Hardy-Weinberg equilibrium of the COLIA1 polymorphism genotypes was tested using the GENEPOP package [23]. Linkage disequilibrium (LD) between each pair of alleles at both polymorphic loci was calculated as D′ and r2 [24].

We stratified all analyses by gender, considering peak bone mass, changes in BMD, and fractures, following age- and sex-specific patterns. Baseline BMD and BMD rate of change were compared across COLIA1 polymorphisms using univariate analysis of variance (ANOVA). Corrections were made for age and BMI. Trend analysis assuming an underlying additive genetic model was done for the presence of zero, one, or two copies of the associated allele, incorporating the genotype variable as a continuous term in a general linear regression model. For the analysis of nonvertebral fracture follow-up data, we computed the incidence rates of fracture among genotypes and used Cox’s proportional hazards model, adjusting for age and BMI to estimate risk of fracture. For vertebral fractures, odd ratios with 95% confidence intervals (95% CIs) were calculated using logistic regression models since no data on the exact time of occurrence could be determined.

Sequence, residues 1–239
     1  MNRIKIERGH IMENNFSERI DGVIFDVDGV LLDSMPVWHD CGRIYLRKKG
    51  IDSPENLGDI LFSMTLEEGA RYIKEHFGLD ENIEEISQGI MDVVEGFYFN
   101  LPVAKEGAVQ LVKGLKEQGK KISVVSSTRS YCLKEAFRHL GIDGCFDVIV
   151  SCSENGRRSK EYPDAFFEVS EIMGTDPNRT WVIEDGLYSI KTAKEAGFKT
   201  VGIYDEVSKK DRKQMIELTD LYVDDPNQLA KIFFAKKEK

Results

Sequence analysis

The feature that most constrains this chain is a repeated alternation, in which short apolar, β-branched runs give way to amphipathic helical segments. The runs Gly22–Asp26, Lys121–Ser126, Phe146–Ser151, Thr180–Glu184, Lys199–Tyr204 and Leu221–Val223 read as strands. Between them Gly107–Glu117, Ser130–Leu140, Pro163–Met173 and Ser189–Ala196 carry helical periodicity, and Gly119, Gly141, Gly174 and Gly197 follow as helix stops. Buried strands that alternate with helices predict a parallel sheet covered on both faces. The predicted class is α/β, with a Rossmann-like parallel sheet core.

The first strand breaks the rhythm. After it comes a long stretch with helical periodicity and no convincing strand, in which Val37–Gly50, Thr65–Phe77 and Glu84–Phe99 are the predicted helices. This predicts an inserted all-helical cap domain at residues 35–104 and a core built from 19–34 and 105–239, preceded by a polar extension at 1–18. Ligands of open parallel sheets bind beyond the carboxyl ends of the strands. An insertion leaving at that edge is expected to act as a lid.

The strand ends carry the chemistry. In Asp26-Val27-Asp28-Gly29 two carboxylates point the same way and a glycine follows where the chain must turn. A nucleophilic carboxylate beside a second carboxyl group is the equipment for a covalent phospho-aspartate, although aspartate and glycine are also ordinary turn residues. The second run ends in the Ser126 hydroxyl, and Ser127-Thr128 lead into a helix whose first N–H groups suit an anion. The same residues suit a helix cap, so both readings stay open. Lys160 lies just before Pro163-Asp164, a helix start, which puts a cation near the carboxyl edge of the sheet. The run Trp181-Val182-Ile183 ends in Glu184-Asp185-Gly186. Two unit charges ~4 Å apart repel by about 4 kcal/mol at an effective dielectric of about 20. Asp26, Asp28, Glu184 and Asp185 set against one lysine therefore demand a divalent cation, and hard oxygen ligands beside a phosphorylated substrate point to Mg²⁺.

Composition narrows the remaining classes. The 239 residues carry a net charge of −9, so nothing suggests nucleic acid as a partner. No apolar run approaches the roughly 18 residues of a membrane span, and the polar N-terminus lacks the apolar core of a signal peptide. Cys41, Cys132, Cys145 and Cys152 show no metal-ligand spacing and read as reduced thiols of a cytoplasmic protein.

We used HaploStats (available at http://www.cran.r-project.org/) to estimate the frequency of inferred haplotypes and investigate the association of haplotypes with BMD and the risk of fractures. We restricted the analysis to haplotypes with an inferred frequency of more than 0.02. The first haplotype, which was most frequent, was used as reference.

Significant P values were 0.05 or lower. Finally, model assumptions were verified and model residuals checked for goodness-of-fit. SPSS 11.0 (SPSS, Chicago, IL) was used for the analyses.

Results

Allele and genotype frequencies of the -1997 G/T and Sp1 polymorphisms were in Hardy-Weinberg equilibrium (P = 0.61 and P = 0.10, respectively). General characteristics of the study population at baseline and follow-up are shown in Table 1.
Table 1

General characteristics of the study population at baseline and second follow-up

 

Women

Men

Baseline

Second follow-up

Baseline

Second follow-up

Number

n = 3,374

n = 1,724

n = 2,452

n = 1,287

Age (years)

68.3 ± 8.2

72.7 ± 6.8

67.6 ± 7.7

72.2 ± 6.5

Height (cm)

161.1 ± 6.8

160.6 ± 6.4

174.6 ± 6.8

174.0 ± 6.7

Weight (kg)

69.3 ± 11.4

70.3 ± 12.2

78.2 ± 10.8

79.5 ± 11.3

BMI (kg/m2)

26.7 ± 4.1

27.2 ± 4.4

25.6 ± 3.0

26.3 ± 3.2

FN-BMD (g/cm2)a

0.83 ± 0.14

0.80 ± 0.13

0.92 ± 0.14

0.90 ± 0.14

Lumbar spine BMD (g/cm2)

1.03 ± 0.18

-

1.16 ± 0.20

-

FN-BMD change

n = 1,527

n = 1,143

FN-BMD change (relative % of baseline year)b

−0.84 ± 1.09

-

Values are means ± SD. Anthropometric measurement based on 5,826 individuals at baseline and 3,011individuals at follow-up

aBMD measurements based on 5,737 individual at baseline and 2,670 individual at second follow-up

bFemoral neck (FN) BMD change was measured between second follow-up and baseline. Second follow-up measurements were performed on average 6.5 (SD = 0.6) years after baseline